The processes affecting the response to rainfall will change at a greater rate within rural catchments than those within urban catchments. Within rural catchments, as events become larger, they are often preceded by wetter antecedent conditions which will result in increases in the percentage runoff. In addition, as events becomes larger there can also be a related expansion of the stream network producing quicker response times. In an urban catchment however, the percentage runoff and drainage routes will remain fairly static. Hence, for the most extreme rainfall events (higher return periods) the difference between rural and urban catchments are likely to be smaller than for lower return period events.

As described above, the adjustment to the L-moments is based on the perception that urbanisation has the greatest effect on short return period floods and less impact on very long return period floods. The urban growth curve is therefore always flatter than the as-rural growth curve.

Equations for the L-CVURBAN and L-SKEWURBAN are presented below:

L{-}CV_{URBAN} = (L{-}CV_{POOLED}) (0.5547)^{URBEXT2000}
L{-}SKEW_{URBAN} =(L{-}SKEW_{POOLED} +1) (1.1545)^{URBEXT2000}-1

For each station in the pooling group the L-moments can be deurbanised. This deurbanisation of L-moments allows consistency as the 'rural' growth curve is subsequently urbanised for the Site of Interest.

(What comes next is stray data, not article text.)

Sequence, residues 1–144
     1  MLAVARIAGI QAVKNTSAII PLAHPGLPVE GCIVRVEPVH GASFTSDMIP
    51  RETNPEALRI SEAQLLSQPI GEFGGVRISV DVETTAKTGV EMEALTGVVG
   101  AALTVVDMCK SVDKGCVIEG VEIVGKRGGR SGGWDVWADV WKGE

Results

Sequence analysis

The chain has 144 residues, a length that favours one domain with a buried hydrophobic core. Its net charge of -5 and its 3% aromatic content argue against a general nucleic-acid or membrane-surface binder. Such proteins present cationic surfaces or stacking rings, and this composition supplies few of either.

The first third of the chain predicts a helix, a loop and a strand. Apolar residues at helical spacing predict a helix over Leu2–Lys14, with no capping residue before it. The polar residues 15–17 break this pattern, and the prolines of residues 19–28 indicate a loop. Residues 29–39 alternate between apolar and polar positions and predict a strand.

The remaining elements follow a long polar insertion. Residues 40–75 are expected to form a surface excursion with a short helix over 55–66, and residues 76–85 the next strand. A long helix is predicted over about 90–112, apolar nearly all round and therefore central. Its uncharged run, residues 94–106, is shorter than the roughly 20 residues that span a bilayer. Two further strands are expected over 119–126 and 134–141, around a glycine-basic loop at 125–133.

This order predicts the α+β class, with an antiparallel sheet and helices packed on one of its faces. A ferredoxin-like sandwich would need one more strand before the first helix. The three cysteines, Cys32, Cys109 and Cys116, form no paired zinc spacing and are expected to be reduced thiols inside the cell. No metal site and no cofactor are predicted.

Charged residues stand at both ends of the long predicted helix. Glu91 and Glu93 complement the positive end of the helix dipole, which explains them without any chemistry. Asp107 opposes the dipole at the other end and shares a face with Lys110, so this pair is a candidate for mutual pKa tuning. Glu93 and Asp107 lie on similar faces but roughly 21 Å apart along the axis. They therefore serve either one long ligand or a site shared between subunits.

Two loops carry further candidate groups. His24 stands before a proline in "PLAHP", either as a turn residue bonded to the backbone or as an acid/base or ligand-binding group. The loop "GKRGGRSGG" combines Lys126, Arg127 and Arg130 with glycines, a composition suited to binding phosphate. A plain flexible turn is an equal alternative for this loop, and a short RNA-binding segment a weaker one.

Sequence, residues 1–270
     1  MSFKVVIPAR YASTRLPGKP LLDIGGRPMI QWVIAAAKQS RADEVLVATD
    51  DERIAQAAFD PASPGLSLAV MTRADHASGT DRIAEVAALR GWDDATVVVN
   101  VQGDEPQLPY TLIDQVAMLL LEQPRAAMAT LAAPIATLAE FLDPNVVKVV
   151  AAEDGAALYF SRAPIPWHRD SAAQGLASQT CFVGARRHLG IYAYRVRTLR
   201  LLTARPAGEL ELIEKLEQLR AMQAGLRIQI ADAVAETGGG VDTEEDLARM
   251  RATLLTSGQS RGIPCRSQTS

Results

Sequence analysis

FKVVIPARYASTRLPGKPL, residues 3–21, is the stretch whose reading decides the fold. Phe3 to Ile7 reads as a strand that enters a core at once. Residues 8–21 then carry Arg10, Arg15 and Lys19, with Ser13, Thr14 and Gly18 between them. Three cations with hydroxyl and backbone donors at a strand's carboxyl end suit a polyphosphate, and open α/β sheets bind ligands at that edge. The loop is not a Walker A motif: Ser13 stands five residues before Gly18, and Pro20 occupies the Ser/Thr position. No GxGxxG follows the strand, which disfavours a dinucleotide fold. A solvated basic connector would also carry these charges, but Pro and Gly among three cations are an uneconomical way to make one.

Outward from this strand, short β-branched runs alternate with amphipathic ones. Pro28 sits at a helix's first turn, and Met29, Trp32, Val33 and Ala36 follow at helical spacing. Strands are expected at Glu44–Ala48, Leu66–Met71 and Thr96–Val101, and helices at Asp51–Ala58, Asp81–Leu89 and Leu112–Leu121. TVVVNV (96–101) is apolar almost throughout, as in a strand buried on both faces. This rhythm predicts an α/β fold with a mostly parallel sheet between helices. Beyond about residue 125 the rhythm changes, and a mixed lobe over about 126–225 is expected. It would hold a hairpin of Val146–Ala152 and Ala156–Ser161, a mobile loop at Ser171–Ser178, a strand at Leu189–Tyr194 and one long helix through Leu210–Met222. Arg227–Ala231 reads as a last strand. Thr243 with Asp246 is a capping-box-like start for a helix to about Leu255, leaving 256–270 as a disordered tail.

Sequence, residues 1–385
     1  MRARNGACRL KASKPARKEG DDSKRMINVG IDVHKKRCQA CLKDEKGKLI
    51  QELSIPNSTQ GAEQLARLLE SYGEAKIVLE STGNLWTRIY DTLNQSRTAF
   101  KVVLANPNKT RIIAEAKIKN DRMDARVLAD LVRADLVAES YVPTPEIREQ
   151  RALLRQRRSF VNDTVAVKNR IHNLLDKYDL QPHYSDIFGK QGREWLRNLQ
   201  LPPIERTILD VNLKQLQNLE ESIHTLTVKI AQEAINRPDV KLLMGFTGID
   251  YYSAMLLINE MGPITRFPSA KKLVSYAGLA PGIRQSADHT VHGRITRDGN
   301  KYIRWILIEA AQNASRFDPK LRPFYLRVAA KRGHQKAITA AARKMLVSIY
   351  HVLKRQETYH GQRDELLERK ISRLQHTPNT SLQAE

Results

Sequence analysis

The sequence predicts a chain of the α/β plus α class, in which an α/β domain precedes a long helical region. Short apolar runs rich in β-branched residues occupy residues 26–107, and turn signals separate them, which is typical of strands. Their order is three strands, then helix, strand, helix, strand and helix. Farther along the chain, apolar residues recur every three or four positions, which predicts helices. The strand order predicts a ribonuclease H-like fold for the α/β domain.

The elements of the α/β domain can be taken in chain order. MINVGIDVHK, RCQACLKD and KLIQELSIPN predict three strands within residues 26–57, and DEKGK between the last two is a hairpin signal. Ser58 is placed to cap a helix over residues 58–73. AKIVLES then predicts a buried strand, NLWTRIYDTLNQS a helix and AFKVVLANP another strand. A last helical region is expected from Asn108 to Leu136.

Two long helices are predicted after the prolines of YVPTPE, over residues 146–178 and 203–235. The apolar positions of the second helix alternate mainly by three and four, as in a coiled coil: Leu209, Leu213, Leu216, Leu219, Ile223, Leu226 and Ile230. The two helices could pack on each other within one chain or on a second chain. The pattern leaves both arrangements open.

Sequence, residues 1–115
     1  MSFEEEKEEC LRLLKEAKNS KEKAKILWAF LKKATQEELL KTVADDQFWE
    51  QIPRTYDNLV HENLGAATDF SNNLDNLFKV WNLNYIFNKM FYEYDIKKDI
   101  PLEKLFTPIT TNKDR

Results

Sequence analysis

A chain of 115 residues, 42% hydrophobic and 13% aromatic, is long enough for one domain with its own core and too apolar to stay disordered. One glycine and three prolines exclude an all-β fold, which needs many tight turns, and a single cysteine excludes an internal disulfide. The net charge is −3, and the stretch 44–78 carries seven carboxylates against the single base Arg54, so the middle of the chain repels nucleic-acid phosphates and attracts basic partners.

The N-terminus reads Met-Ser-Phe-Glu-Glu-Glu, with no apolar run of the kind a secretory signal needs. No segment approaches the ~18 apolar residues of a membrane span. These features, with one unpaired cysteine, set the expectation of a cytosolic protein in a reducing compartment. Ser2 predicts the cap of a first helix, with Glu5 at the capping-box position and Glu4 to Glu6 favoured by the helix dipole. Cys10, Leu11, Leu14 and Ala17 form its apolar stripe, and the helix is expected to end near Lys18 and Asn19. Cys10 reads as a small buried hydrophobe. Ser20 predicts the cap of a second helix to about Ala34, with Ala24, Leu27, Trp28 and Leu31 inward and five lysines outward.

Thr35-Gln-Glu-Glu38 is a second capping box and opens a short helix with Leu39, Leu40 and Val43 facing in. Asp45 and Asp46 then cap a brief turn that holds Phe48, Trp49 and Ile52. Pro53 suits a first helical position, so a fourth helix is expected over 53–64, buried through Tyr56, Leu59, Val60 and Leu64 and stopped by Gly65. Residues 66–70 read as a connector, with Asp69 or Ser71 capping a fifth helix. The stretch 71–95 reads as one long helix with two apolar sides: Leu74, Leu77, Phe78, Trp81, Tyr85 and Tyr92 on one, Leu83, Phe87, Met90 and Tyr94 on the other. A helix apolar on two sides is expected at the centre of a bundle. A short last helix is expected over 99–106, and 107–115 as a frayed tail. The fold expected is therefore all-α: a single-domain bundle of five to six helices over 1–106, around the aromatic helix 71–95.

Selection of 'deurbanisation' of the L-moments in the pooling group and at-site data

Where at-site data is selected for use you can decide whether to deurbanise the L-moments from the at-site data prior to application of the enhanced single site (ESS) methodology to produce the rural growth curve. You can also select to deurbanise the L-moments for the pooling groups stations.

The aim of the pooling group (or ESS) assessment is to produce a best estimate of the 'rural' growth curve which can subsequently be urbanised using the Site of Interest URBAN descriptor. When defining a pooling group you select an URBEXT2000 threshold for stations to be included. In the context of urbanisation in WINFAP this represents the threshold above which you do not have sufficient confidence in the generalised procedures for durbanising L-moments.

Whilst WINFAP aims to provide you with flexibility in the selection of whether to deurbanise the pooling group and/or at-site L-moments, the aforementioned assumptions result in the following 'rules' which govern the defaults and any constraints related to deurbanisation in WINFAP:

  • By default the pooling group and at-site data, where available and 'suitable for pooling', is deurbanised.

  • The decision as to whether to deurbanise at-site data defaults to follow that of the pooling group. e.g. if you select to not deurbanise the pooling group then the at-site data will not be deurbanised.

  • If the URBEXT2000 value for the Site of Interest is less than the URBEXT2000 threshold, then you are not able to treat the at-site L-moments differently from those in the pooling group. This is unlikely to make a significant different to results and ensures consistency.

  • If the URBEXT2000 value of the Site of Interest is greater than the URBEXT2000 threshold, then you are able to treat the at-site L-moments differently to the pooling group. The catchment is likely to be heavily urbanised with site specific influences hence this flexibility allows you to apply case specific settings which may not be consistent. Warnings are shown for inconsistencies.